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Boost public awareness regarding HIV through Facebook

Boost public awareness regarding HIV through Facebook

Facebook Live broadcasts of talks to boost the public’s understanding about people living with HIV and mark the upcoming World Aids Day on Friday, December 1, will be held from midday to midnight from today until Thursday.

The special broadcast via also aims to lessen social stigma, which has resulted in tens of thousands of working-age people in Thailand living with HIV being rejected from work and facing dead-end life situations, according to Somwong Uraiwattana, deputy director of the AIDS ACCESS Foundation and hotline 1663 project head.

Each day, talks on various topics such as sex, condom use and access to HIV/Aids treatments will be presented to boost the public’s understanding about HIV/Aids in relation to daily life. The talks are meant to inspire a review of efforts to prevent and deal with HIV/Aids issues so all parties can move forward together, Somwong said.

“We did a Facebook Live broadcast under the theme ‘teenage pregnancy, an issue schools should not aggravate’, and many people viewed it and shared it, so instead of a one-day march to campaign for World Aids Day, which might be less effective, we will create forums in various related aspects. We hope people will understand that people living with HIV are normal persons who can work and live along side them in society,” he added.

On the first day, safe sex will be discussed with parents invited to explain sex to their teenage children so they can protect themselves from STDs and unwanted pregnancies, Somwong said. The second day will see a discussion of access to treatment, he added. “We will talk about the fight of people living with HIV to gain access to free treatment. The previous situation in which those living with HIV had no access to costly antiretroviral drugs led to hundreds of thousands of deaths over the years.

“We will talk about their [HIV-positive people’s] responsibility in taking care of themselves while on antiretroviral drugs and encourage at-risk people to submit for blood tests so they will be aware of their status, promptly be medicated and stop transmitting the virus,” he said, adding that 400,000 people living with HIV were being treated.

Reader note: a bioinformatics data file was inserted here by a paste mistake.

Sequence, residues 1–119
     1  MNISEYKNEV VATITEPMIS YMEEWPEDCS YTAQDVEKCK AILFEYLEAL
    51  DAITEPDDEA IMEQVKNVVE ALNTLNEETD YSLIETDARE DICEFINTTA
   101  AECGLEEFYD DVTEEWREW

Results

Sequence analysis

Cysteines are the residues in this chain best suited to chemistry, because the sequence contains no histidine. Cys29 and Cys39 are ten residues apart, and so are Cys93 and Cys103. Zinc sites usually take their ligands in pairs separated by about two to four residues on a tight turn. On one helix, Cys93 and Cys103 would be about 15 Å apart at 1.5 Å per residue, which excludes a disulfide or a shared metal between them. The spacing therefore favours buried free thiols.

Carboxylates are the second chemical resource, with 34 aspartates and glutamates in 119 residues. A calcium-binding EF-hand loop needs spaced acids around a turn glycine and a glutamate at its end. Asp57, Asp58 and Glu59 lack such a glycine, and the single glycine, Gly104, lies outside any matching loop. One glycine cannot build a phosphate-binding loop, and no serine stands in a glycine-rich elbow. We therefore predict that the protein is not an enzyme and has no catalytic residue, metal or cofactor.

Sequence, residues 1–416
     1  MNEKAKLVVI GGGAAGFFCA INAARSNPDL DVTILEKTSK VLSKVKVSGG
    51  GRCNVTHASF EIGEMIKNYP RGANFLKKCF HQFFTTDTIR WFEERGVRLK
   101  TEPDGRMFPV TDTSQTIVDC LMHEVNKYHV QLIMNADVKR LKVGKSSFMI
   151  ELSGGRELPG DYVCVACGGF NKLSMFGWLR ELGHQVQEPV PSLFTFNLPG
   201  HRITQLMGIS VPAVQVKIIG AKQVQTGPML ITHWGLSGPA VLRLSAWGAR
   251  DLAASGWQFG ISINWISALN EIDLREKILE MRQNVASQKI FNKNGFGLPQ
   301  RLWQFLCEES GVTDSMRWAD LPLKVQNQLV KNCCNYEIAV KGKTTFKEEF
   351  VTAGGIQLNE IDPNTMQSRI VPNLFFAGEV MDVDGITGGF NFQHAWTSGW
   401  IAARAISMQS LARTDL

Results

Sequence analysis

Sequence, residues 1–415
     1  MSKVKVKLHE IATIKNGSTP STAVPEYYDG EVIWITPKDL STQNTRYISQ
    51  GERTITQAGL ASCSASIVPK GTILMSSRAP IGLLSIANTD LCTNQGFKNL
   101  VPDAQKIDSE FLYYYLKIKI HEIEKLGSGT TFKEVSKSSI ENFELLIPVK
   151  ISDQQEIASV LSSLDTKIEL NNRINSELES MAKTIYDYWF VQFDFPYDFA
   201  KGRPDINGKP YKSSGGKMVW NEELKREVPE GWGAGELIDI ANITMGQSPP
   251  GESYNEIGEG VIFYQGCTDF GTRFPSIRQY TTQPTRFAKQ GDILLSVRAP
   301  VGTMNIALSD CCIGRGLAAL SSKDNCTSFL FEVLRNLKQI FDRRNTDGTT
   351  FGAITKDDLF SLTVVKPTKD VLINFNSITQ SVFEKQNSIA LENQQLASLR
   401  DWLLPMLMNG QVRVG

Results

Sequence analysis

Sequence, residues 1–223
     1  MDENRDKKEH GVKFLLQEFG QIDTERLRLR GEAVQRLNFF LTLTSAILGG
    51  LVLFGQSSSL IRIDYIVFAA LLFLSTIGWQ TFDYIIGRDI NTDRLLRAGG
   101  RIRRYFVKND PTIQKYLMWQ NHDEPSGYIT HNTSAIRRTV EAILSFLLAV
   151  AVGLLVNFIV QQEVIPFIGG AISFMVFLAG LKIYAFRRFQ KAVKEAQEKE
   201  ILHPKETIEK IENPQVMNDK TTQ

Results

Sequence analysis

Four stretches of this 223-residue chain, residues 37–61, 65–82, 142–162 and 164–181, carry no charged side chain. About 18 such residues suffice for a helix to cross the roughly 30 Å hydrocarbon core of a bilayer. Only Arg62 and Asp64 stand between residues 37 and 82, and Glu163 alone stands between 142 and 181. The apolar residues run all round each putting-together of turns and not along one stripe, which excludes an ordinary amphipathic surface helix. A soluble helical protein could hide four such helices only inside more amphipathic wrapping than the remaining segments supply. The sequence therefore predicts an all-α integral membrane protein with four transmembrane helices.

The third day will focus on access to condoms and use. “Why do youths still not have access to condoms? Why aren’t they a price-controlled product? The state agency that hands out free condoms is the Public Health Ministry, which distributes them via tambon health promotion hospitals during office hours. Do you think people need to use condoms only during the office hours? If you are in a village or in school, you need to travel to the hospitals to get it, is that convenient?” he asked.

The last day will involve a discussion of coexistence and lessening social stigma, he said. “We will discuss how to go on after you find out that you are living with HIV. And we will discuss what has happened to many in the same condition whose jobs were adversely impacted.

“There are 20,000 people living with HIV who got the virus from their parents, many of whom graduated with bachelor’s degrees but faced dead-ends because job applications required a blood test. One 30-year-old HIV-positive man couldn’t get normal work so he works for the campaign about HIV/Aids. We want to make people understand that those living with HIV can coexist and work alongside others, while a blood test should not be a condition for a job application or a reason to be fired. We have seen people testing HIV-positive and lose their jobs,” he said.

The foundation has also invited a young woman who brought a case to the Administrative Court after her blood test results for her nursing school application led to her being expelled, he added.

“We will also have a meal with HIV-positive people who will cook the food to emphasise the point that we can live together,” Sompong said.

The Disease Control Department in 2016 reported that 430,000 people were living with HIV in Thailand with an annual new infection rate of 7,700 and annual fatality rate of 15,000 people.

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